Tanzu

Shut down vSphere with Tanzu

Shut down vSphere with Tanzu. A look at the documentation, procedure, and steps needed to shutdown vSphere with Tanzu

As with all VMware environments with various solutions layered on top of the core vSphere infrastructure, there is an order of operations. This order of operations also applies to shutdown procedure for the SDDC when you are using vSphere with Tanzu. What is that order of operations? Let’s look at how to shut down vSphere with Tanzu and see how this is accomplished.

Shut down vSphere with Tanzu

In an SDDC deployed according to VMware Validated Design, in addition to the management domain you deploy a single workload domain. If you deployed a vSphere with Tanzu workload domain, you start shutting down the SDDC management components in the vSphere with Tanzu workload domain before shutting down the SDDC components in the management domain.

vSphere with Tanzu Kubernetes environment
vSphere with Tanzu Kubernetes environment

When shutdown in the proper order, you keep the components operational by maintaining the necessary infrastructure, networking, and management services before shutdown. Note the following table below, taken from the official KB from VMware on the Shutdown order for a vSphere with Tanzu cluster.

Shutdown OrderSDDC Component
1vCenter Server
2Supervisor Control Plane virtual machines
3Tanzu Kubernetes Cluster control plane virtual machines
4Tanzu Kubernetes Cluster worker virtual machines
5Harbor virtual machines
6vSphere Cluster Services virtual machines
7NSX-T Edge nodes
8NSX-T Managers
9vSAN and ESXi hosts
Shutdown order of vSphere with Tanzu and other VMware solutions in the SDDC

As a disclaimer, the following was tested in my home lab environment and not a production environment. If you have any questions regarding specific guidance as recommended by VMware, be sure to place a support request for official guidance and support.

Shutdown the Kubernetes services on the vCenter Server

To begin with, you shutdown the vSphere with Tanzu workload domain components. To do this, you stop the Kubernetes services on the vCenter Server. Login into your vCenter Server and stop the Kubernetes services by running the command:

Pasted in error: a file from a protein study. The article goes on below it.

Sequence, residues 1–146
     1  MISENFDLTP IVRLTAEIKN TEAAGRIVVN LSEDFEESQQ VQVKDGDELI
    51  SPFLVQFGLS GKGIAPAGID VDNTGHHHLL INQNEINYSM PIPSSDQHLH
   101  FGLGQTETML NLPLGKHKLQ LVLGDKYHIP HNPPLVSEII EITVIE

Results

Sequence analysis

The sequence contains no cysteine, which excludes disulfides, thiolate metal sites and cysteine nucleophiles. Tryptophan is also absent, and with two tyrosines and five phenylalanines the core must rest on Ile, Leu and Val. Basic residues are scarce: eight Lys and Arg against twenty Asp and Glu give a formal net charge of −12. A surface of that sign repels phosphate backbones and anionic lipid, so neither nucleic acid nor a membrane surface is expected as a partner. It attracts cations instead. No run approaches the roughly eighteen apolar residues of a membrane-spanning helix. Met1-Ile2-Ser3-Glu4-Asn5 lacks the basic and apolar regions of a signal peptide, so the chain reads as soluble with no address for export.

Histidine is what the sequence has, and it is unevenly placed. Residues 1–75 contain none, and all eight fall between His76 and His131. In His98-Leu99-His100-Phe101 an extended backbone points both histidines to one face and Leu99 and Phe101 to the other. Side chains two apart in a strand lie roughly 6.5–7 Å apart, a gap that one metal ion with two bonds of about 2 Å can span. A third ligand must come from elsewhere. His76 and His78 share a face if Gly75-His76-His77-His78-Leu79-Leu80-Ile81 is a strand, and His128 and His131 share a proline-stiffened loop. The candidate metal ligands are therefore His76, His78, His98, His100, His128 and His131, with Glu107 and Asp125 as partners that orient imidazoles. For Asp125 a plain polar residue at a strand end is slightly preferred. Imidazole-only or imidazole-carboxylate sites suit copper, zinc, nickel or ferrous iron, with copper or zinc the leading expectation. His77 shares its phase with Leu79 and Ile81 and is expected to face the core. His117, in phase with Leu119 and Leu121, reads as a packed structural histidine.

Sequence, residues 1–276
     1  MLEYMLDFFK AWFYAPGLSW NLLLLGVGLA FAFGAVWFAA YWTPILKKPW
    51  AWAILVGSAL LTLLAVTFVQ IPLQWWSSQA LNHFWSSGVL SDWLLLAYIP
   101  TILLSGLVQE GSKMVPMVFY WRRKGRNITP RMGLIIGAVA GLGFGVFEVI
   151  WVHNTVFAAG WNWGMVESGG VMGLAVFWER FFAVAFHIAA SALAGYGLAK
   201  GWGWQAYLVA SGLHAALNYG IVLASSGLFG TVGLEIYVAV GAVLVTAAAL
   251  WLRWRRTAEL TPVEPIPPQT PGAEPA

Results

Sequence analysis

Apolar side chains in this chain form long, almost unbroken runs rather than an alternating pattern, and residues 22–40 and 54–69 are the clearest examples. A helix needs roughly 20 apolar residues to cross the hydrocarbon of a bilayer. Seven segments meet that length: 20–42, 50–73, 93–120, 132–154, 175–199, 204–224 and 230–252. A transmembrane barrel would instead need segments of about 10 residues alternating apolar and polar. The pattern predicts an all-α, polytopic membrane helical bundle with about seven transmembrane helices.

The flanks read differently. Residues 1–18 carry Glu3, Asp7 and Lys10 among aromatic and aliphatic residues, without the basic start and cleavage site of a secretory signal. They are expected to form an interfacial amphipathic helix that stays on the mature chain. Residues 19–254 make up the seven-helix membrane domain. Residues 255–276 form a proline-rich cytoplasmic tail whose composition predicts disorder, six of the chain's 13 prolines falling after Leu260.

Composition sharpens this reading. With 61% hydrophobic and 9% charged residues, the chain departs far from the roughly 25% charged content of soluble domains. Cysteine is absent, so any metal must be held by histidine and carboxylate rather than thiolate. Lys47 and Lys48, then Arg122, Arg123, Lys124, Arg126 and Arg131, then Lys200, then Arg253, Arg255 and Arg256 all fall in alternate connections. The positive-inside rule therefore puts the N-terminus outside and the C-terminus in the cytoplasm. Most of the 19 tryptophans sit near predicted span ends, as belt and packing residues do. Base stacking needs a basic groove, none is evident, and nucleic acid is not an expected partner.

vmon-cli -k wcp

After the services stop, you can check the services.

vmon-cli -s wcp
Stopping the Kubernetes services on the vCenter Server
Stopping the Kubernetes services on the vCenter Server

Once you stop the Kubernetes services, your visibility in the vSphere Client to the TKC namespaces goes away:

After stopping the Kubernetes services in vCenter Server
After stopping the Kubernetes services in vCenter Server

Also, if you navigate to the Workload Management section in your vSphere Client, you will see this error. This just means the Kubernetes services are stopped on the vCenter Server.

Navigating to workload management in the vSphere Client UI
Navigating to workload management in the vSphere Client UI

If you notice, you don’t have a shutdown option for the SupervisorControlPlane VMs that are running in inventory. For the Supervisor VMs and the workload VMs, we have to shut those down from the ESXi host directly.

Note the shutdown option is greyed out in the vSphere Client
Note the shutdown option is greyed out in the vSphere Client

First, I am shutting down the tkc cluster control plane VMs.

Shutdown the TKC control pane VMs on each respective ESXi host
Shutdown the TKC control pane VMs on each respective ESXi host

Next, I shutdown the Supervisor control plane VM.

Shutdown the supervisor control plane VMs on each ESXi host
Shutdown the supervisor control plane VMs on each ESXi host

Next, shutdown or reboot your hosts for maintenance or other tasks. After bringing these back online, you should see your TKC services come back online without issue. Note below, everything is running once again.

After rebooting or powering back on your TKC cluster everything comes back online
After rebooting or powering back on your TKC cluster everything comes back online

Wrapping Up

Hopefully this walkthrough shows some of the steps needed to shutdown your TKC cluster you have running in the proper order. Note, there may be extra steps needed than what I have shown in the post. I am still playing around with TKC operations in the nested lab and will report any changes back to the post. Also, please comment if you have seen additional requirements or issues.

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Brandon Lee

Brandon Lee is the Senior Writer, Engineer and owner at Virtualizationhowto.com and has over two decades of experience in Information Technology. Having worked for numerous Fortune 500 companies as well as in various industries, Brandon has extensive experience in various IT segments and is a strong advocate for open source technologies. Brandon holds many industry certifications, loves the outdoors and spending time with family.

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